A brake controller supplies power from a vehicle to a trailer's electric brakes. There are two types of brake controllers; Time Delay Activated and Inertia Activated.

Even though each type of controller has a specific function and purpose, controllers all share the following properties:

They are wired the same way.

The driver can adjust how much braking power is applied.

Each type has a manual override switch that allows the driver to apply the electric trailer brakes.

Time Delay Brake Controllers

Time Delay controllers are also known as solid-state controllers. They are activated when the brake pedal in the tow vehicle is depressed. Once activated the controllers apply voltage to the trailer's brakes using a Time Delay Circuit.

Solid-state controllers are generally more inexpensive than Inertia Activated controllers. In addition, they can be mounted just about anywhere and do not take up a great deal of space. A fairly common issue with the time-activated controller is pulsing brakes when controls are set too aggressively. Gain problems can be rectified with a pulse preventer to isolate the controller from the vehicle's electrical system.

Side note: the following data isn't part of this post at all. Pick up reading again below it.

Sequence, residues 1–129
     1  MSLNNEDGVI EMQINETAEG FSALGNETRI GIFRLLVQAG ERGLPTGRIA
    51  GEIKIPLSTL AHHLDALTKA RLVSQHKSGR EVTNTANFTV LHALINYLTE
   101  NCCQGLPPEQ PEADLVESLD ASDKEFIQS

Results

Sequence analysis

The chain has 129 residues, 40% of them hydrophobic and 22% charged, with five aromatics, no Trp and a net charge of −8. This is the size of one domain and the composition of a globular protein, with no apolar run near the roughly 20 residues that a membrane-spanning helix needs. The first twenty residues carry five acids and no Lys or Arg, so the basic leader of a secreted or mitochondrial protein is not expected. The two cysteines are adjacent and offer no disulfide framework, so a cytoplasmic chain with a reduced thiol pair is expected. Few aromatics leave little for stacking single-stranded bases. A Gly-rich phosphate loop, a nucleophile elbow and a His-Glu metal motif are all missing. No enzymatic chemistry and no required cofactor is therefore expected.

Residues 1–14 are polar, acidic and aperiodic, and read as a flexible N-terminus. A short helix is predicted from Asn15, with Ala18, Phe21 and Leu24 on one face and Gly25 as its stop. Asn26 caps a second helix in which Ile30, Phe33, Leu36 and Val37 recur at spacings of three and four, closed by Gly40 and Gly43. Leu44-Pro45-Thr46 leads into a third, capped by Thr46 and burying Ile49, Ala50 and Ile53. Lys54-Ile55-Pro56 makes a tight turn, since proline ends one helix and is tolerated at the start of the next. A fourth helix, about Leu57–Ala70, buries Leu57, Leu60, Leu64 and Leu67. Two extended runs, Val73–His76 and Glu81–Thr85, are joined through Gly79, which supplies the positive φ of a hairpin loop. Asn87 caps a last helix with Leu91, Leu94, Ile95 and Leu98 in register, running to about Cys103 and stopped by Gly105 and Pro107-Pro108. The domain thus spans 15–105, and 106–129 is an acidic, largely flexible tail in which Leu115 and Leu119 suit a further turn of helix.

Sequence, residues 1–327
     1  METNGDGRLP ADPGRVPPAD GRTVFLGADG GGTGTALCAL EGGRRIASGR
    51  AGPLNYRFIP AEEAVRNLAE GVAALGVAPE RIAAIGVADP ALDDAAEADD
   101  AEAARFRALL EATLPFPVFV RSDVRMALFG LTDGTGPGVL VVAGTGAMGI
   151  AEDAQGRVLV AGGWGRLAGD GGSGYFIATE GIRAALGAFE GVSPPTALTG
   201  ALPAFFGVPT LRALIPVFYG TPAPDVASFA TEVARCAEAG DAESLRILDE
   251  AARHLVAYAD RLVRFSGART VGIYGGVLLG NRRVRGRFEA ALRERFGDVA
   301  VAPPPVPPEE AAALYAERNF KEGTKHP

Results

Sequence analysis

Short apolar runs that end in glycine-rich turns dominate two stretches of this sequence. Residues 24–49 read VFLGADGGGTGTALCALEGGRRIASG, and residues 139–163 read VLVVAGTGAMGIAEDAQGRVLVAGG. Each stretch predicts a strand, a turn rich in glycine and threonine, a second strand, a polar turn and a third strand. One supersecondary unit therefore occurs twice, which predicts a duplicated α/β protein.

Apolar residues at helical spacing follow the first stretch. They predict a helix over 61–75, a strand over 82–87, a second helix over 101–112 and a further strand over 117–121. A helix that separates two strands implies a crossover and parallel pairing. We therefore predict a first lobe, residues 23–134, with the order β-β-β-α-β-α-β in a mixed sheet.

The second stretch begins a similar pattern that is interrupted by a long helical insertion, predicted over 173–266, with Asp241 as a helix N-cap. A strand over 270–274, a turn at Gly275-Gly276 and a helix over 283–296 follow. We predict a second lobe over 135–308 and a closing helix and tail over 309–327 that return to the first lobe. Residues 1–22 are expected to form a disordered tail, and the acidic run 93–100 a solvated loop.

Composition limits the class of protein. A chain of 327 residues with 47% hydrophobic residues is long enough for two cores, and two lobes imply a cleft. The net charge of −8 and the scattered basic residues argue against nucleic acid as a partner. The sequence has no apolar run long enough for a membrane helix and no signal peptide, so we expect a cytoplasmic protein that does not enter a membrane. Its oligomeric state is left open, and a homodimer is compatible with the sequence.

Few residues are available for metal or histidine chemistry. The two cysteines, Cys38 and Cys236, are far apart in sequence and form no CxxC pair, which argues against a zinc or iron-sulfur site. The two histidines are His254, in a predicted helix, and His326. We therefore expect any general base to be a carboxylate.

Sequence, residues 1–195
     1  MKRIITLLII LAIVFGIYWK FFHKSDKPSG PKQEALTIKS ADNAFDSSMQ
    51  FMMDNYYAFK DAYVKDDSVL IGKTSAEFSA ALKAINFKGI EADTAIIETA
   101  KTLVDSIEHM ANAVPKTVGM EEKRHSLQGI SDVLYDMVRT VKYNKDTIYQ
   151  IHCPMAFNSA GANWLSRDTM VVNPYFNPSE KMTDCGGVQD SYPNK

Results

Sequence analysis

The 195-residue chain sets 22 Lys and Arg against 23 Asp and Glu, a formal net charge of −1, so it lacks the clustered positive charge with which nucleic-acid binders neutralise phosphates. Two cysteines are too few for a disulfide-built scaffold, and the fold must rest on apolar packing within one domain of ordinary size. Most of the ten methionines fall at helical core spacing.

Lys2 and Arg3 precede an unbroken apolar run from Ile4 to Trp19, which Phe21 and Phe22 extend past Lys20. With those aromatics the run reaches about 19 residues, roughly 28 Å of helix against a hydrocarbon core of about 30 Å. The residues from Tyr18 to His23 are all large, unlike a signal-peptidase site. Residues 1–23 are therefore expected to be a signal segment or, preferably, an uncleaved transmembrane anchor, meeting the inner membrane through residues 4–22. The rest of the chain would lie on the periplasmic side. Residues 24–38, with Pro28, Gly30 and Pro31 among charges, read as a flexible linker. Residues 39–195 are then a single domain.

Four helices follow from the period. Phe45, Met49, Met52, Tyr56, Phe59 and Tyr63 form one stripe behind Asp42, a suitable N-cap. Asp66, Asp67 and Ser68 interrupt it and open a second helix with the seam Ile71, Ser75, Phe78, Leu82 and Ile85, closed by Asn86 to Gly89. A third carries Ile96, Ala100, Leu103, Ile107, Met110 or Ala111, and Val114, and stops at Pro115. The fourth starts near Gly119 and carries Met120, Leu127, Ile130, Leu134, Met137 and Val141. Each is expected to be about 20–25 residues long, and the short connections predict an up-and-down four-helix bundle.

Inertia Activated controllers are also called Pendulum Style controllers. A pendulum controller senses the slowing movement of the vehicle and applies increased voltage to the brakes as the vehicle slows. A pendulum-style controller will slow the trailer at the same rate the vehicle slows down. When the Inertia activated control is properly adjusted, the trailer will decelerate at the same speed as the towing vehicle. A result of this is increased braking efficiency and reduced wear on the brakes.

The pendulum-style controllers tend to be larger than solid-state controllers and have to be mounted in a level position (although there are some exceptions). They are also usually more expensive.